Cryptocurrency exchange Coinbase (COIN) completed a $100 million transaction as a test of its proprietary trading efforts earlier this year, according to a report by the Wall Street Journal on Thursday.
The exchange hired at least four Wall Street traders to form a group called Coinbase Risk Solutions to use the firm's own cash to trade crypto, the report said.
Proprietary trading is when a firm engages in trading of stocks, bonds, currencies or commodities using its own money as opposed to that of its clients. Such activity is fraught with risk and the potential of conflicts of interest for the financial firm should its trades have an effect on the prices of those assets, which could in turn hurt its clients.
Coinbase executives said in December that it did not engage in proprietary trading when they appeared in Congress.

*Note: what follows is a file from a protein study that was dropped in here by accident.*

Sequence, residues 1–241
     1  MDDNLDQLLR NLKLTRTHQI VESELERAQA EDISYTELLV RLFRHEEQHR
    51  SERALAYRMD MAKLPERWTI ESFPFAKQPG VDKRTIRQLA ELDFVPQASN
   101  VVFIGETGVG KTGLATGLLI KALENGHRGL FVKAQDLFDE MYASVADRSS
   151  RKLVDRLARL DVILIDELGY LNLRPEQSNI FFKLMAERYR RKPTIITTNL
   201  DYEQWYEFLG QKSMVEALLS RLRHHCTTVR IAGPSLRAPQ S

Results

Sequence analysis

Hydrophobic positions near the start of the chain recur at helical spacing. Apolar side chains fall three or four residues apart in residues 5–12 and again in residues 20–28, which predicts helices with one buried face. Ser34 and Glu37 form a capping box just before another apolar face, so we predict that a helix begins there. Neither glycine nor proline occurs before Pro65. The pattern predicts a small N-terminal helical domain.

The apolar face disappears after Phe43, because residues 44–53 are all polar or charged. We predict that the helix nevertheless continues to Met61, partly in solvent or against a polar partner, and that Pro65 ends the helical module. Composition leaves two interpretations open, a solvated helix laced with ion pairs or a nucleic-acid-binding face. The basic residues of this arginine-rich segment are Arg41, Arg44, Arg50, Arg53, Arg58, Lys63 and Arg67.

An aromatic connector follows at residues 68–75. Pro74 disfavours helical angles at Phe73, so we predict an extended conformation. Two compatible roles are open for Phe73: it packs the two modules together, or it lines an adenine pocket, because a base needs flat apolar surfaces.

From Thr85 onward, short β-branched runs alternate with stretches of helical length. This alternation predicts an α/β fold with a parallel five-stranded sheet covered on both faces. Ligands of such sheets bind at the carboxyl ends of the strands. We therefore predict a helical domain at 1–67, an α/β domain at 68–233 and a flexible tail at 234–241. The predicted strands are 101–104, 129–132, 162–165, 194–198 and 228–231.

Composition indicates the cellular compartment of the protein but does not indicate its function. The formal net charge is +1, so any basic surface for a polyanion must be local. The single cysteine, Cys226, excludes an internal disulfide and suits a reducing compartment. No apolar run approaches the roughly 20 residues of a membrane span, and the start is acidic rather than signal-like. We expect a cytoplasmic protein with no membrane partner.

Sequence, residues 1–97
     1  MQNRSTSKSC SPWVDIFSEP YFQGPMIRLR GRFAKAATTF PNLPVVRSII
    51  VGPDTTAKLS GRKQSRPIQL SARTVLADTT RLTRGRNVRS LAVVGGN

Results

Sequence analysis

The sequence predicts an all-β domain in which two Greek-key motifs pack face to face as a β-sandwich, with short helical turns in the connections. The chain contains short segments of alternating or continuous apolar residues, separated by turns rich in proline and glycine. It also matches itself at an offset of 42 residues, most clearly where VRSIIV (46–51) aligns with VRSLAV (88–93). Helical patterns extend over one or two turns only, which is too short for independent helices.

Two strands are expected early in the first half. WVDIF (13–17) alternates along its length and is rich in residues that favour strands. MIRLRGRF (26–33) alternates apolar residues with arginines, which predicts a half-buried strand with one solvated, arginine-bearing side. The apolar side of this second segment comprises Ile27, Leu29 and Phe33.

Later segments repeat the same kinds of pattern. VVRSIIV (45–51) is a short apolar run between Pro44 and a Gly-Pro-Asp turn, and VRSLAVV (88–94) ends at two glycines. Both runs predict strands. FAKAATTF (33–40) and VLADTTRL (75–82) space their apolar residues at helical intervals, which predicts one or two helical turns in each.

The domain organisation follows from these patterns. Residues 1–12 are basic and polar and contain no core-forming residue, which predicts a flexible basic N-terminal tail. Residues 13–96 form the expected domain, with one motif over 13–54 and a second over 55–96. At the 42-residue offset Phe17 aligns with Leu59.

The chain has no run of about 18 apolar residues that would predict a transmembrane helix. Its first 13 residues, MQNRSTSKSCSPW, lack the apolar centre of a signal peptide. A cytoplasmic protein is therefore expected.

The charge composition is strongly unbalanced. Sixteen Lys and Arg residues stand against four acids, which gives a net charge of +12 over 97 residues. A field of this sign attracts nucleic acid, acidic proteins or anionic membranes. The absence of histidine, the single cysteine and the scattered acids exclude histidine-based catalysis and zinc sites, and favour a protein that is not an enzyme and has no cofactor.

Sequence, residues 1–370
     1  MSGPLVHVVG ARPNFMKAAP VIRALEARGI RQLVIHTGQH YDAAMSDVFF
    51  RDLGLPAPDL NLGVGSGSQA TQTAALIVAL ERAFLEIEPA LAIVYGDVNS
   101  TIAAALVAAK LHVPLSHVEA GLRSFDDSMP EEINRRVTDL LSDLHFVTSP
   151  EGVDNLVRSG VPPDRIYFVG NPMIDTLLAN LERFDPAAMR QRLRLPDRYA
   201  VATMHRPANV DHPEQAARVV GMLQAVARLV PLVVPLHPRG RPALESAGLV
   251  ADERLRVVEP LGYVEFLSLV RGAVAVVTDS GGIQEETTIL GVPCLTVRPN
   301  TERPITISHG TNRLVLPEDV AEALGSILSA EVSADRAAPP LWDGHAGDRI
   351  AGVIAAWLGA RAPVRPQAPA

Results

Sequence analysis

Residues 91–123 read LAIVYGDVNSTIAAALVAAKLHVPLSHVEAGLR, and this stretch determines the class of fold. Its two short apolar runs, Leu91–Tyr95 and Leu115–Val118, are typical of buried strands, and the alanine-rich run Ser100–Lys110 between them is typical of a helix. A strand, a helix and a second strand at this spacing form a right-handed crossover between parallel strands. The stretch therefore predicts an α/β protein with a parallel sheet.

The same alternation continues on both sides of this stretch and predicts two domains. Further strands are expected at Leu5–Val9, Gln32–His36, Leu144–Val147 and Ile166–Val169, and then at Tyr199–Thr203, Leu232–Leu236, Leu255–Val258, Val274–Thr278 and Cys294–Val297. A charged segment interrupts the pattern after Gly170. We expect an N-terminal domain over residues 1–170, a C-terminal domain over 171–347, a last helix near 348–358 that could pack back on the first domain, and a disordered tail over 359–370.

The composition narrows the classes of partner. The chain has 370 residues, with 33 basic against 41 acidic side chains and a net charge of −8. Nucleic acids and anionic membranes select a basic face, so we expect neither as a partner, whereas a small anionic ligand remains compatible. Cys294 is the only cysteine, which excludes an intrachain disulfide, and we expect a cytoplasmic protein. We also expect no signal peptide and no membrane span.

However, with the price of digital assets encountering a downward trajectory throughout 2022, dragging Coinbase stock down in the process, Coinbase may have turned to trading on its platform as a means of creating new avenues for profit.
In response, Coinbase said the WSJ report had confused "client-driven activities" with proprietary trading.
"Coinbase does, from time to time, purchase cryptocurrency as principal, including for our corporate treasury and operational purposes," the exchange said.
"We do not view this as proprietary trading because its purpose is not for Coinbase to benefit from short-term increases in value of the cryptocurrency being traded."
CRS' role is to expand institutional participation in crypto by offering services to investors who are still getting to grip with digital assets, Coinbase added.
UPDATE (11:25 UTC, Sept. 22, 2022): Adds Coinbase response and links to blog post.